You give dinner a hard pass due to exhaustion and make your way to your room.
You change into your pajamas and turn off the lights, unaware.
You get into your bed, a good ten feet away from the light switch, and pull the covers up to your chin, your mind, by this point, too exhausted to conjure thoughts.
You fall asleep curled up on your side, dreaming of whatever brings you pleasure.
Only to be woken up by a dull banging on your window.
‘Who is that?’ you call out, slowly rousing, your mind only minutely alarmed.
In vain it was, you realize. It did not answer.
You get up to go check on your window, stupidly, without bathing the room in light first.
You reach the lone window. The banging stops.
You open it. You peer out.
No moon. No stars. No light. No help.
You hear banging. You realize it was never coming from the window.
You shut your window. The banging stops. A dull thud you hear.
For a moment you wonder if you are imagining all of this.
But you are not.
You turn around. It is completely dark. You can’t see.
‘Who-who is it?’ you call out, your voice stuttering and trembling due to your fear.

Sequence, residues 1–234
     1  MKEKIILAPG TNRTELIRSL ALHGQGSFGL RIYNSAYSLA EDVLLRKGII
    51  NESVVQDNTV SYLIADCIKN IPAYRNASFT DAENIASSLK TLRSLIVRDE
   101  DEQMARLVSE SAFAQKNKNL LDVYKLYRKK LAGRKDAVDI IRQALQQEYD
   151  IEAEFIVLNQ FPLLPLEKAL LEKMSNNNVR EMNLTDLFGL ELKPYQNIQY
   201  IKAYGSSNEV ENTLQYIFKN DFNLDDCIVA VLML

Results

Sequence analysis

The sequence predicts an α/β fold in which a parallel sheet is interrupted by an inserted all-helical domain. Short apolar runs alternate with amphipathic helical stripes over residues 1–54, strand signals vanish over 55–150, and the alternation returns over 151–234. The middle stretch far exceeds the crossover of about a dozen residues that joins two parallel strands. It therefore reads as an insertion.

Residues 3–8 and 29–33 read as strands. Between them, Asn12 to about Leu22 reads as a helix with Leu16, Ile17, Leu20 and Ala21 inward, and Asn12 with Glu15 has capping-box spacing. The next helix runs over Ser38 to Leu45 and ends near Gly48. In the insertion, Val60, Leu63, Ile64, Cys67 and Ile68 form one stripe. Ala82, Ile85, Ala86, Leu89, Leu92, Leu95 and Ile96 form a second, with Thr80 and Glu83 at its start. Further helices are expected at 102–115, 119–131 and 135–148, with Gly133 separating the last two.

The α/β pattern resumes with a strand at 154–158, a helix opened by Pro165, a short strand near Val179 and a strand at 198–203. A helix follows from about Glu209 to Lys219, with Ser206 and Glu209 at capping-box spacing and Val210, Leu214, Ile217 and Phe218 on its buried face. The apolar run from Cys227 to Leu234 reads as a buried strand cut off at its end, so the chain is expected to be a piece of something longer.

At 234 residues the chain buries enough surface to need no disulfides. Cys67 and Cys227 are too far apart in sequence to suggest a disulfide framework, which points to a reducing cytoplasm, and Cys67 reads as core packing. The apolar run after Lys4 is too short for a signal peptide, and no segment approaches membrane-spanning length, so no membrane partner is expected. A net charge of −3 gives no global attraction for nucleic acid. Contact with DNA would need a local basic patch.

It never comes from a window, you don’t realize. It always comes through a mirror.
Those dark tales of horror, told to you by your elder brother around a campfire in the woods, just to make you piss your pants, come to you. Those horrible images of ghosts and demons from horror movies, seen as a dare by your best friend who called you a wimp, come to you. All of it comes to you. Except one thing.
You feel stupid for fearing this. But it is only human to do so.
You hear glass shatter. From where your mirror should be.
Of course, the banging was coming from the mirror, you now realize, a little too late. And now, it will come from the mirror too.
Mirrors are portals to other worlds, they claim.
Now, when this knowledge hits you, you stand there, petrified.
No way out.